YRCC initial expansion concept / Courtesy Miller Boskus Lack Architects
FAYETTEVILLE — City officials would like additional input on a planned expansion of the Yvonne Richardson Community Center.
A public input session is set for 6 p.m. Thursday, March 10 inside the center, located at 240 E. Rock St. in southeast Fayetteville.
The facility was built in 1996 through funding by former University of Arkansas men’s basketball coach Nolan Richardson in honor of his daughter, Yvonne. The 10,000-square-foot center is operated by the city’s Parks & Recreation department, and provides programming for under-served families.
Services include an after-school program, open gym time for preschool children, physical education classes for children enrolled in home-school, spring and summer camps, and kid-friendly gardening and nutrition classes. Adults can also play pickleball, basketball and other activities when the gym is available.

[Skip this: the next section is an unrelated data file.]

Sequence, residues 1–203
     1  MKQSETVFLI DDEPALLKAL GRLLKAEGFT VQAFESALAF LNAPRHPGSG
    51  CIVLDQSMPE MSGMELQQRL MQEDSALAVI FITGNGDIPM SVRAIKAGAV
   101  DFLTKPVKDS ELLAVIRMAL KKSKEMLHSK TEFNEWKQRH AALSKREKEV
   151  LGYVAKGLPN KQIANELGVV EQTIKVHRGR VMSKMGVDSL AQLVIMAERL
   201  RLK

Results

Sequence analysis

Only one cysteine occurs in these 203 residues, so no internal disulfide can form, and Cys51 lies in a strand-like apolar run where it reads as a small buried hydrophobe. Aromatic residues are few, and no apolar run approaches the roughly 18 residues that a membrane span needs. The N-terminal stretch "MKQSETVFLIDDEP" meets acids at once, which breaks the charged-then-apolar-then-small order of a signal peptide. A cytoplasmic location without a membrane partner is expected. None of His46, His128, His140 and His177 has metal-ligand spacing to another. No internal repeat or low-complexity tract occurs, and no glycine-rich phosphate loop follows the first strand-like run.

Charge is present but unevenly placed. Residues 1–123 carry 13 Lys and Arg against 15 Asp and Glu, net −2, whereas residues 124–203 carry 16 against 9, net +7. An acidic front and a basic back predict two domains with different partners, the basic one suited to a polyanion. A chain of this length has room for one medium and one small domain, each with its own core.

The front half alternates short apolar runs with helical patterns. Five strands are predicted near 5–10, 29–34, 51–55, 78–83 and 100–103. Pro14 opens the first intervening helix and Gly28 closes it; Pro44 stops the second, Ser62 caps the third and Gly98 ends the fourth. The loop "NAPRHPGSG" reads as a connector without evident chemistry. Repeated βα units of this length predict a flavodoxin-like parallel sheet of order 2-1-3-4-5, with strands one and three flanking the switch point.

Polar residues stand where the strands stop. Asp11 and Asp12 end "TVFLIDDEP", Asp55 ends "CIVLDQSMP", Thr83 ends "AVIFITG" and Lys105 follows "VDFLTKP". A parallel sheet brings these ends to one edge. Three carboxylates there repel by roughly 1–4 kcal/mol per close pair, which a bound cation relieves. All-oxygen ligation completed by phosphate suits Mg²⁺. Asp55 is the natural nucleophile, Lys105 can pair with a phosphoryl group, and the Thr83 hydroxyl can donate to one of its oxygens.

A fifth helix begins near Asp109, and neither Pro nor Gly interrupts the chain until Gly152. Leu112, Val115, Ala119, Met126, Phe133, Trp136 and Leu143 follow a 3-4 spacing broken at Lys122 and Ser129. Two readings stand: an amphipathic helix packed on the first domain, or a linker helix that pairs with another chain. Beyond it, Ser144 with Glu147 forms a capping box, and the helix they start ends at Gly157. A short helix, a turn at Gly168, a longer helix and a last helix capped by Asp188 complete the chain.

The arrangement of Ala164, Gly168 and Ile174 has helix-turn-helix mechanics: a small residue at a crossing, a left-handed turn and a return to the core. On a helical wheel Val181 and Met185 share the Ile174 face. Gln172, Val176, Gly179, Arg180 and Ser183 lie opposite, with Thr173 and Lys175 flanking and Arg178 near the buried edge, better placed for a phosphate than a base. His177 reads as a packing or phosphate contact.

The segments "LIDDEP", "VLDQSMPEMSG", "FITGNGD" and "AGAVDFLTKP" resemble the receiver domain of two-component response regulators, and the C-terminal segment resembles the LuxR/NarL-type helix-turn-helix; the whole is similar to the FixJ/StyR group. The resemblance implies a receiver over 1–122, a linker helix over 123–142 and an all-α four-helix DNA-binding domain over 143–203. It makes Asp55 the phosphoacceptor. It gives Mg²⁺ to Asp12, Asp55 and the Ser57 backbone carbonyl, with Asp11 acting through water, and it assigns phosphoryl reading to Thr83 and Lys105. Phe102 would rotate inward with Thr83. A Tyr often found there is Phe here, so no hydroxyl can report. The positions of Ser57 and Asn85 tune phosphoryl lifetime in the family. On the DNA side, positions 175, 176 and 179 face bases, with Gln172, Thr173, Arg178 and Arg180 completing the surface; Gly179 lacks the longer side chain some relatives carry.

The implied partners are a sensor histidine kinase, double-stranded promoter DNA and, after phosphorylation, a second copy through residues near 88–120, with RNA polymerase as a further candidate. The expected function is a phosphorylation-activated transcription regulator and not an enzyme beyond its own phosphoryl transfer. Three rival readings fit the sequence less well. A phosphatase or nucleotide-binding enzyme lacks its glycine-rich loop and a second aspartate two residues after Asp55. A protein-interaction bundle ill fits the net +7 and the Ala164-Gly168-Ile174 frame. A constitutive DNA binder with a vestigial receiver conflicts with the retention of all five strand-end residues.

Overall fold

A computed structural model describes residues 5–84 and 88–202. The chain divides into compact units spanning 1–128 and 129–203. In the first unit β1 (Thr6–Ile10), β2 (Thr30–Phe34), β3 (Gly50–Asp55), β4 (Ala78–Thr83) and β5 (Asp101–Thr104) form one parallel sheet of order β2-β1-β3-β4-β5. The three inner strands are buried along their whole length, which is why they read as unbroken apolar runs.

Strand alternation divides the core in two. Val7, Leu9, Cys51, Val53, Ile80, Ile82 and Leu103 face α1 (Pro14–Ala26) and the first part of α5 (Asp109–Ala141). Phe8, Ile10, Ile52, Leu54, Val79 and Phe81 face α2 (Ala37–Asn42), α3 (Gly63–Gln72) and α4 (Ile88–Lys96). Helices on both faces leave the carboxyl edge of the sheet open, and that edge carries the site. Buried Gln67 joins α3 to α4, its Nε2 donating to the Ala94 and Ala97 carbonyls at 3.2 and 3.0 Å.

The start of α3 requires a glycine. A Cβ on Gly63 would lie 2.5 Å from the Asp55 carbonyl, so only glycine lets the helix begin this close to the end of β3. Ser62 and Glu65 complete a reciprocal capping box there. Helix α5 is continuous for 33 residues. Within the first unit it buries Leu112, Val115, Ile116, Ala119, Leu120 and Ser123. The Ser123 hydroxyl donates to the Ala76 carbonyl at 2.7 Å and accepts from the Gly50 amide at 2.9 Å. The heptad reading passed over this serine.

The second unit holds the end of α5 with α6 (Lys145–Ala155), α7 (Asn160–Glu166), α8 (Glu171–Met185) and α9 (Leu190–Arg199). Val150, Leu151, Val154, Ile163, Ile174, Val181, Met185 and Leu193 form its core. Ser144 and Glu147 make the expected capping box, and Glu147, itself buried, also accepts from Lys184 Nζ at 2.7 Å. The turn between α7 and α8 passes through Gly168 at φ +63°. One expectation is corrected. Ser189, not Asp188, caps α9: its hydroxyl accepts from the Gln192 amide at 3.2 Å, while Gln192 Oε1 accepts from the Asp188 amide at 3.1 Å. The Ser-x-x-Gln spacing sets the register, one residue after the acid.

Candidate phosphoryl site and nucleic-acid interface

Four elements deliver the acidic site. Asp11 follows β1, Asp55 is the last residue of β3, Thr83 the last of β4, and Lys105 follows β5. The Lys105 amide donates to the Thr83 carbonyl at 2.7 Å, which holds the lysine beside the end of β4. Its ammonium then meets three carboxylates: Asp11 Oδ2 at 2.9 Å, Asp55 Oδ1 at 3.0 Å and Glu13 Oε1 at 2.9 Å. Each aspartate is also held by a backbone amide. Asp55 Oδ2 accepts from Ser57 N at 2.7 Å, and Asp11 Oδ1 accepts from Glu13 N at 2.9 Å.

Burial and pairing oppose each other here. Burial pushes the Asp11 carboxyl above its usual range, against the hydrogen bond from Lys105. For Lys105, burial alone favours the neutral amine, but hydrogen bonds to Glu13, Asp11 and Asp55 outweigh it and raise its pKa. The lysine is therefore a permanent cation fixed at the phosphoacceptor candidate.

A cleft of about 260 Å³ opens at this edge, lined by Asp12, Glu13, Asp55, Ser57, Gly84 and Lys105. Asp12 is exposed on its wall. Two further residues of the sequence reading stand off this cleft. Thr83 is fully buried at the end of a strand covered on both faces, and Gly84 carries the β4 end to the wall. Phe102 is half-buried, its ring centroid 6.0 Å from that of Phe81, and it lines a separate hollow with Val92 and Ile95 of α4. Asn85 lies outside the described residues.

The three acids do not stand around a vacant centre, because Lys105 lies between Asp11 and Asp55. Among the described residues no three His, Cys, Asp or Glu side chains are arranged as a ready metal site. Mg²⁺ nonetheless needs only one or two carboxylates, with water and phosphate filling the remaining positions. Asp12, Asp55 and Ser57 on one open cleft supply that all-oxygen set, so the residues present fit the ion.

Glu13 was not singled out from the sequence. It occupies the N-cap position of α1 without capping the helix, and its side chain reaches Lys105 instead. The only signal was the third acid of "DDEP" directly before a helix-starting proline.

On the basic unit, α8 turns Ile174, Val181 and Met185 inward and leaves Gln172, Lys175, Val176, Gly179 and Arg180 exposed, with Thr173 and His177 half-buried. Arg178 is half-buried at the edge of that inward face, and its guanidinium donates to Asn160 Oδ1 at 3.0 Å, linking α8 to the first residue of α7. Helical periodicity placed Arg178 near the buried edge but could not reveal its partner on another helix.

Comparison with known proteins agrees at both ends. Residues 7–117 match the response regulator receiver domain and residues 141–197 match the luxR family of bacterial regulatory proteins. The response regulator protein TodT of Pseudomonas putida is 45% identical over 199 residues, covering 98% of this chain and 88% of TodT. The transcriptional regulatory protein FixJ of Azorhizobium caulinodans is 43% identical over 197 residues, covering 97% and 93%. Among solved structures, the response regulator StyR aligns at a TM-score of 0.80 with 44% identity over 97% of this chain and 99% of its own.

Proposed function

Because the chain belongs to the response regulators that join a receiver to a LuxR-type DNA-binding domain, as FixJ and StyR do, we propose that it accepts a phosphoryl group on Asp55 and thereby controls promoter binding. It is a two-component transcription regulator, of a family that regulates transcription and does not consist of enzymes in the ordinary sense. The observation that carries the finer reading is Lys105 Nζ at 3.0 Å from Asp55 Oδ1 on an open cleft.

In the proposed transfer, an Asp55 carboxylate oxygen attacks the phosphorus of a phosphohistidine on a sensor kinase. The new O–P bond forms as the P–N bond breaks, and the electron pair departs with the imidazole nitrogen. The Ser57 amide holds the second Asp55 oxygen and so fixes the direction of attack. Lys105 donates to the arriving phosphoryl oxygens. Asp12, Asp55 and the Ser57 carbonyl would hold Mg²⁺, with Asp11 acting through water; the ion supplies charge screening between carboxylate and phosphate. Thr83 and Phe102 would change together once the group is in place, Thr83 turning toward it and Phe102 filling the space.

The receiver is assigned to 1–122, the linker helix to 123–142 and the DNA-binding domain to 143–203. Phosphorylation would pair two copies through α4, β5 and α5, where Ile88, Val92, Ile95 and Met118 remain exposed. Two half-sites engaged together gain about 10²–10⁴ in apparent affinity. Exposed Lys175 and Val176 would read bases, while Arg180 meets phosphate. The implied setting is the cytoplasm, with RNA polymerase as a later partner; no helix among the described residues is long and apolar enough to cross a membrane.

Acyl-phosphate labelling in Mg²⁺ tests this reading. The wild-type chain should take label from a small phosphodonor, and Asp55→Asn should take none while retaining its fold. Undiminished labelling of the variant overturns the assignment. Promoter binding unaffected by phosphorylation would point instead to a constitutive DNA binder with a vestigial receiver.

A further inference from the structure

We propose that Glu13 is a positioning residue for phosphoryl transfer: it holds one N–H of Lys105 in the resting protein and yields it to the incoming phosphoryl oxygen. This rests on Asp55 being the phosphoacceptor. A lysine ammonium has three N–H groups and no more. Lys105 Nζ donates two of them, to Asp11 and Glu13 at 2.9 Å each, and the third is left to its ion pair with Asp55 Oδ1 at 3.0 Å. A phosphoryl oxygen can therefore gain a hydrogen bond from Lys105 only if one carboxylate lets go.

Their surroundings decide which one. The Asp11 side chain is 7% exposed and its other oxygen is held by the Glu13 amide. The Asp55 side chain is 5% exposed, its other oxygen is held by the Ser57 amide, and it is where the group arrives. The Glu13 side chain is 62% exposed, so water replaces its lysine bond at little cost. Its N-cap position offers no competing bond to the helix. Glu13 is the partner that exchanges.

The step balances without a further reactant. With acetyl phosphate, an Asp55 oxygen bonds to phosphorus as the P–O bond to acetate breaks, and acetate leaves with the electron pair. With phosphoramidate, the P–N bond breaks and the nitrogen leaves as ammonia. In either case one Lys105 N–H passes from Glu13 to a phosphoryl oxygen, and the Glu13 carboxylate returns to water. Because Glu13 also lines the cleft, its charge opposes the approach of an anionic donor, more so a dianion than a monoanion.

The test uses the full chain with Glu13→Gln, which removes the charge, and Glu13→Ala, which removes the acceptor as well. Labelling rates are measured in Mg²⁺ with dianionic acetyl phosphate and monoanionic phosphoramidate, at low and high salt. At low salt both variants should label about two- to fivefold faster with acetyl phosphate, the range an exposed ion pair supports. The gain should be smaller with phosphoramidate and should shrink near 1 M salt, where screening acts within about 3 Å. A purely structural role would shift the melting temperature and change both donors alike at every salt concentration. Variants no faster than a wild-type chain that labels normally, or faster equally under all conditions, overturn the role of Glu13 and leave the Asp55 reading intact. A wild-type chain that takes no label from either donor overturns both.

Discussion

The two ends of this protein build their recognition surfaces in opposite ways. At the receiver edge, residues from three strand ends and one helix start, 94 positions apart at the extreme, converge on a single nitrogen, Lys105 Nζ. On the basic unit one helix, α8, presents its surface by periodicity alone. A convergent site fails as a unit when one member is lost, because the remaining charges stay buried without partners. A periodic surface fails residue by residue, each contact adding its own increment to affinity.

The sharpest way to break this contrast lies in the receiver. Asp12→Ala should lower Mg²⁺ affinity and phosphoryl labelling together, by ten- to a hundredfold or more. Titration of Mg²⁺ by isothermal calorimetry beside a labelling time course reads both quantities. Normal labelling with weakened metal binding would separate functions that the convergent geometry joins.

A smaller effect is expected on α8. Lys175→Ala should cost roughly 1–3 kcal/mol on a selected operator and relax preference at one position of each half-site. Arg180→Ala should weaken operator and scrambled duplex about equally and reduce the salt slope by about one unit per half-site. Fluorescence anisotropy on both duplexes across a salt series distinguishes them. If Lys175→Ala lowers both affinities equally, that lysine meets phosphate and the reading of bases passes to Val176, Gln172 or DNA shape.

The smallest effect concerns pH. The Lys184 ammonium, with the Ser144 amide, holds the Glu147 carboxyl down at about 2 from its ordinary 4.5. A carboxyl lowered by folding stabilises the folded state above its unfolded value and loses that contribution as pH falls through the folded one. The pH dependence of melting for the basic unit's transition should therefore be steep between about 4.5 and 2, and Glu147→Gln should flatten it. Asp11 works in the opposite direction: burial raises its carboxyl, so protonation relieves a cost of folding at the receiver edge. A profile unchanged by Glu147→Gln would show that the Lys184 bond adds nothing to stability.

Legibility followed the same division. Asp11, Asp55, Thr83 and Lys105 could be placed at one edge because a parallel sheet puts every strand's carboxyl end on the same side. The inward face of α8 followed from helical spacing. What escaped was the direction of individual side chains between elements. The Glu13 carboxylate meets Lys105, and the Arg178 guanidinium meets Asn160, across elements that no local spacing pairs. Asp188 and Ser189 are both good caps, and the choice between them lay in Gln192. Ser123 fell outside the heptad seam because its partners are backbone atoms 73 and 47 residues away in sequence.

Parks staff said after 25 years of operating in the existing space, improvements and enhancements are needed in order to continue to further reach and serve the community and carry out the mission of the center.
The $1 million expansion project is funded through a bond program that voters approved in 2019.
Initial concepts for the expansion show a 1,494-square-foot classroom/gameroom with movable walls, and a teaching kitchen to be constructed on the parking lot in front of the existing building. An access trail next to the creek is shown just east of the buildings, which would connect Rock and Mountain streets.
A few parking spaces would remain in front of the new building, and nine on-street spaces would be added along Mill Avenue. In total, parking would be increased by two spaces, including the existing lot to the east of the site.
Across Rock Street in Buddy Hayes Park, a connector trail could be built leading to an outdoor classroom with a small stage and an amphitheater.
Three public meetings were held last month to gather feedback about the concepts. Residents are invited to Thursday’s additional session to view the designs and provide further input to city officials.
Images courtesy of Miller Boskus Lack Architects